Lagrangian simulation of a thin non-premixed flame in the field of an asymmetric layer

Omar M. Knio*, Xiyan Shi, Ahmed F. Ghoniem

*Corresponding author for this work

Research output: Contribution to journalArticlepeer-review

6 Scopus citations


Development of an analytical, subgrid-scale non-premixed combustion model for simulation of two-dimensional reacting shear flow at conditions of fast chemistry is described. The model is based on generalization of the classical one-dimensional flamelet representation to multi-dimensional flow conditions, and incorporation of resulting combustion model into adaptive, Lagrangian vortex element techniques. Evolution of the external flow field is computed by tracking the motion of vortex elements, while flame front topology is described by a collection of thin flamelets, which are also used to compute the unsteady response of the local flame structure to the prevailing strain. One of the interesting features of the model described herein is that, while maintaining computational efficiency, it does not oversimplify the flame structure and/or flow-field dynamics. In particular, all the essential features of flow-combustion interactions are retained, namely the effect of flow-induced stretch on the local flame structure and burning rates, and the impact of heat release on flow-field divergence and baroclinic vorticity generation. The efficiency of the numerical scheme is guaranteed by adaptively concentrating computational resources along the flame front and regions of finite vorticity. Implementation of the model is illustrated by computing the combustion field of a reacting layer in which the characteristic vorticity length scale is several orders of magnitude larger than the initial flame thickness.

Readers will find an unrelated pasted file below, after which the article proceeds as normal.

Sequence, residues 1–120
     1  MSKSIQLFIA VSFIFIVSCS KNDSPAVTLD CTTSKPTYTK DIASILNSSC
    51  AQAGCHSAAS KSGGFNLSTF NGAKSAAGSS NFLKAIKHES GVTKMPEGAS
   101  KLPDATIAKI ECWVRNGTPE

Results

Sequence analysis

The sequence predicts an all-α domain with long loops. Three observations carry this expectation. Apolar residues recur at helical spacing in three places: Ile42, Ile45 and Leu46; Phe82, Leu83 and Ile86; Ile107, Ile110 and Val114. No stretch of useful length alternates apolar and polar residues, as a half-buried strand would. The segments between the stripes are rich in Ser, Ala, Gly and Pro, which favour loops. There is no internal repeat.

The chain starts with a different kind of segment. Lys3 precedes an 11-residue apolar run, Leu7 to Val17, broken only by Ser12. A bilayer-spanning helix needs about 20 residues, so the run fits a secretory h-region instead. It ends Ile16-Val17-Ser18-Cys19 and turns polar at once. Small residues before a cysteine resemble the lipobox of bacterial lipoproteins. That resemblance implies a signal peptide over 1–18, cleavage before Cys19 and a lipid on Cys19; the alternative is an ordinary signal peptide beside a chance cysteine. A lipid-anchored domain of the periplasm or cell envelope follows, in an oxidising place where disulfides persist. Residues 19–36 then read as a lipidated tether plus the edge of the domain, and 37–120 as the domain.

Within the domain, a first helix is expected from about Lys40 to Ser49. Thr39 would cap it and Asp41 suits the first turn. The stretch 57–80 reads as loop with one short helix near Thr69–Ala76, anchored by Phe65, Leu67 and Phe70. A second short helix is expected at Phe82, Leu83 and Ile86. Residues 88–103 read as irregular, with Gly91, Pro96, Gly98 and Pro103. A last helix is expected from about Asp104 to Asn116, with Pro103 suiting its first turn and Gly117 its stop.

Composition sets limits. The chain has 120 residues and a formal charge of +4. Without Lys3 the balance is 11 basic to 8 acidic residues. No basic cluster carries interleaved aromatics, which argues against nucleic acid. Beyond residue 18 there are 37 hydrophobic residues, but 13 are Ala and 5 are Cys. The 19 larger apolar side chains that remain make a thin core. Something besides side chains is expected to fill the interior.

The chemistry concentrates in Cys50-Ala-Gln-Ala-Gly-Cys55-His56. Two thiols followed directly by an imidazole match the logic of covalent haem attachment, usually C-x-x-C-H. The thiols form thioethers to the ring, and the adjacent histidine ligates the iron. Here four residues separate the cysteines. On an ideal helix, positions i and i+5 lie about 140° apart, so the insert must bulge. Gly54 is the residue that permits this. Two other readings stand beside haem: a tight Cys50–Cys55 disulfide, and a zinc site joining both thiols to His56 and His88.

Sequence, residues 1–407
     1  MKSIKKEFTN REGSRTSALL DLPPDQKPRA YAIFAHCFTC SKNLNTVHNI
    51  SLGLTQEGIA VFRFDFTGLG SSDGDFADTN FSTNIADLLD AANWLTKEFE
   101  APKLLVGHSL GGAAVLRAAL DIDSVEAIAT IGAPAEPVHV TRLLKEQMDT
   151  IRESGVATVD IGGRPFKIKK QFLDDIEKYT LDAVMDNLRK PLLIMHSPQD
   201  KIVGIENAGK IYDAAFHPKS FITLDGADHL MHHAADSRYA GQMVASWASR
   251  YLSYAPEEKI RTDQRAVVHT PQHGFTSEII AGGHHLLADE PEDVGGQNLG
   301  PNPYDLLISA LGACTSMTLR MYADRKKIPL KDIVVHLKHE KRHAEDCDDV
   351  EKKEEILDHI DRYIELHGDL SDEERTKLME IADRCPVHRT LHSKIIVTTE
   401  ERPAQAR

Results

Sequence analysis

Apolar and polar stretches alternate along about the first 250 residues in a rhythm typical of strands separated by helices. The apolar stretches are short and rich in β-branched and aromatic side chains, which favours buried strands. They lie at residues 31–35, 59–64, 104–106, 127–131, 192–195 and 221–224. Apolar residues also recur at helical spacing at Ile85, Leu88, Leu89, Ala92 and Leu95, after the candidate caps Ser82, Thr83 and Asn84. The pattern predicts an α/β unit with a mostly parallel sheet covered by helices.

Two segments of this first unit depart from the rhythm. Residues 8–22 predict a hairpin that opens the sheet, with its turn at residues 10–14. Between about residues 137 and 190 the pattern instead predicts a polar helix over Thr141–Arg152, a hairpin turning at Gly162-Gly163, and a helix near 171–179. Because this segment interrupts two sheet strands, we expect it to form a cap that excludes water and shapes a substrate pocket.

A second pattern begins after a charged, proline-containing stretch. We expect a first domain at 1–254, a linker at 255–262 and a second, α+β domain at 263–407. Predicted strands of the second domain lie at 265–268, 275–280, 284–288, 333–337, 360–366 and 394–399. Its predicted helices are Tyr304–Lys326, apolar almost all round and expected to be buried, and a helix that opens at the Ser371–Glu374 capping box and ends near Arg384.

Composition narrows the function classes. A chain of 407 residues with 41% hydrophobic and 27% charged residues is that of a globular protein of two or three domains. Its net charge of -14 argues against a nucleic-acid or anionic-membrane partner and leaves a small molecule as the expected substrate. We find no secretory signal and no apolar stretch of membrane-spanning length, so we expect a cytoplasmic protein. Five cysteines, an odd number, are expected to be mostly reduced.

Original languageEnglish (US)
Pages (from-to)41-61
Number of pages21
JournalCombustion and Flame
Issue number1-2
StatePublished - Jul 1996
Externally publishedYes

ASJC Scopus subject areas

  • General Chemistry
  • General Chemical Engineering
  • Fuel Technology
  • Energy Engineering and Power Technology
  • General Physics and Astronomy


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